Campus Wide
Learning Outcomes
Poster Showcase
May 22, 2008
Critical and Creative Thinking
1. Student Affairs, Advising - Joan Jagodnik & Mirela Blekic
2. Psychology - Gabriela Mortorell, Bob Sinclair, & Todd Bodner
3. Applied Linguistics - Laura Koonce
4. Applied Linguistics {student work session) - Ben Evans (GA)
5. Conflict Resolution – Amanda Smith Byron & Rob Gould
6. Mathematics – Paul Latiolais, Joyce O’Halloran, & Jon McClintik (GA)
7. Theater Arts – Judy Patton & Karin Magaldi
8. Graduate School of Education – Steve Isaacson & Serap Emil
9. Social Work [new UG major] – Joy Rhodes & Lisa Loewenthal (GA)
Ethics and Social Responsibility
10. Mechanical and Materials Engineering – Gerry Roecktenwald & Far Etesami
11. Student Affairs, Student Leadership – Aimee Shattuck
12. School of Community Health (student work session) – Ben Evans (GA)
13. Applied Linguistics – Brodie Lewis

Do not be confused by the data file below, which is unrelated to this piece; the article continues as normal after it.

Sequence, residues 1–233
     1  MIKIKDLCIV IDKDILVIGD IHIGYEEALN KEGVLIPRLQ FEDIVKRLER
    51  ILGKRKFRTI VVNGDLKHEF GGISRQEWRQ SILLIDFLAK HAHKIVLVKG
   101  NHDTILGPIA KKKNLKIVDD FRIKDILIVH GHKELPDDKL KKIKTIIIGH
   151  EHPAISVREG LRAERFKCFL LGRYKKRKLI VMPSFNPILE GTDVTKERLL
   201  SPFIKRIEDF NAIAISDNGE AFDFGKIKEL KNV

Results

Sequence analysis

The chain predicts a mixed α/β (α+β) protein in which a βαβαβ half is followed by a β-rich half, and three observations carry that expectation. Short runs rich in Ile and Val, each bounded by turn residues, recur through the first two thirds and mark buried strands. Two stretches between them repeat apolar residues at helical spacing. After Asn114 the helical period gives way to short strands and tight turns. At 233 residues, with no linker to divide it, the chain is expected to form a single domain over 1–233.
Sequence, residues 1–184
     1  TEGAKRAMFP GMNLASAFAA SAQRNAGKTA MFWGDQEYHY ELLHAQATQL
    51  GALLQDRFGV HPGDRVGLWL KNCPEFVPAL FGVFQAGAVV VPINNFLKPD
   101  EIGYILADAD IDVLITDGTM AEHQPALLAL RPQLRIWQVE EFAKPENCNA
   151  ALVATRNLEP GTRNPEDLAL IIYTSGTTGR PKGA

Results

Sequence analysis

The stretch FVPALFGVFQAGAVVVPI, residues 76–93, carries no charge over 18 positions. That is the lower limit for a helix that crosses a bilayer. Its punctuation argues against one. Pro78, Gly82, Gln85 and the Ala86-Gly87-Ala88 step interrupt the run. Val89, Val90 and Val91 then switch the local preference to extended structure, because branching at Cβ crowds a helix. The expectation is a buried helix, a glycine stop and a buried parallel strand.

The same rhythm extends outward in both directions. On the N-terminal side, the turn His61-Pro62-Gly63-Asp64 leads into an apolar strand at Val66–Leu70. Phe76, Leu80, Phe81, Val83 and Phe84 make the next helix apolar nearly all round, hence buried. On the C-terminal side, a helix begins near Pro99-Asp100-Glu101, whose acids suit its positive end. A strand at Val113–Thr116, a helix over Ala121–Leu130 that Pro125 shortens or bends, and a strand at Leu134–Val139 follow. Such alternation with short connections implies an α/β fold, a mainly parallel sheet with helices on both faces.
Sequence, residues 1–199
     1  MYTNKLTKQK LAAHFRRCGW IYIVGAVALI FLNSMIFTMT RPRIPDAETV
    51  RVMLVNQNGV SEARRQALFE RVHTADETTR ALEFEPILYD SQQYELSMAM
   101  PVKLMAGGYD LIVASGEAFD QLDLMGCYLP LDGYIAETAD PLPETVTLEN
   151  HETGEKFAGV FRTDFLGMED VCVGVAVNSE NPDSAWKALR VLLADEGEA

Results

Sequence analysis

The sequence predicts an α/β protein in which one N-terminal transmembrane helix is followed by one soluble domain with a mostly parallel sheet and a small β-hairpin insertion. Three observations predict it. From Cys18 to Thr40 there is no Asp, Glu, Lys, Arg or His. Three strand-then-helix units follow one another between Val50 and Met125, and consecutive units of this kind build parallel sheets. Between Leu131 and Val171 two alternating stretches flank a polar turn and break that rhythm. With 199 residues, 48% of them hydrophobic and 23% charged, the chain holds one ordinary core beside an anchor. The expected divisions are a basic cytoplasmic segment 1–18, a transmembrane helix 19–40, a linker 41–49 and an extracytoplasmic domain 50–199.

14. Community Development – Richard White
15. Student Affairs – Nancy Feltner & Erika Wallin
16. Foreign Languages – Reuben Vyn (GA)
17. Applied Linguistics – Emily Hough
18. Community Development (student work session) – Ben Evans (GA)
Critical Thinking Goal
Applied Psychology Undergraduate Major
Gabriela A. Martorell, Ph.D.
Bob Sinclair, Ph. D.
Todd Bodner, Ph.D.
Department of Applied Psychology
College of Liberal Arts and Sciences
Critical Thinking and Applied Psychology
Applied psychology has the goal of advancing knowledge through a scientific approach to human behavior and experience while addressing
significant issues facing society
In order to do this, students must respect and use critical and creative thinking, skeptical inquiry and, when possible, the scientific approach to solve
problems related to behavior and mental processes (APA, 2002)
Necessary knowledge for this process includes (1) Research Design; (2) Psychological Measurement; (3) Statistical Analysis; and (4) Foundations of
Psychological Inquiry and Statistical Inference
Relationship of Critical Thinking Goal to the Curriculum
Required courses: Statistics 243, Statistics 244, PSY 321 (Research Methods)
Elective courses: PSY 207 (Introduction to Applied Psychology), PSY 399/401/404/405 (by-arrangement courses), PSY 430 (Applied Social
Psychology), PSY 454 (Experimental Psychology), PSY 465 ( Applied Developmental Psychology), PSY 495 (Psychological Test Construction),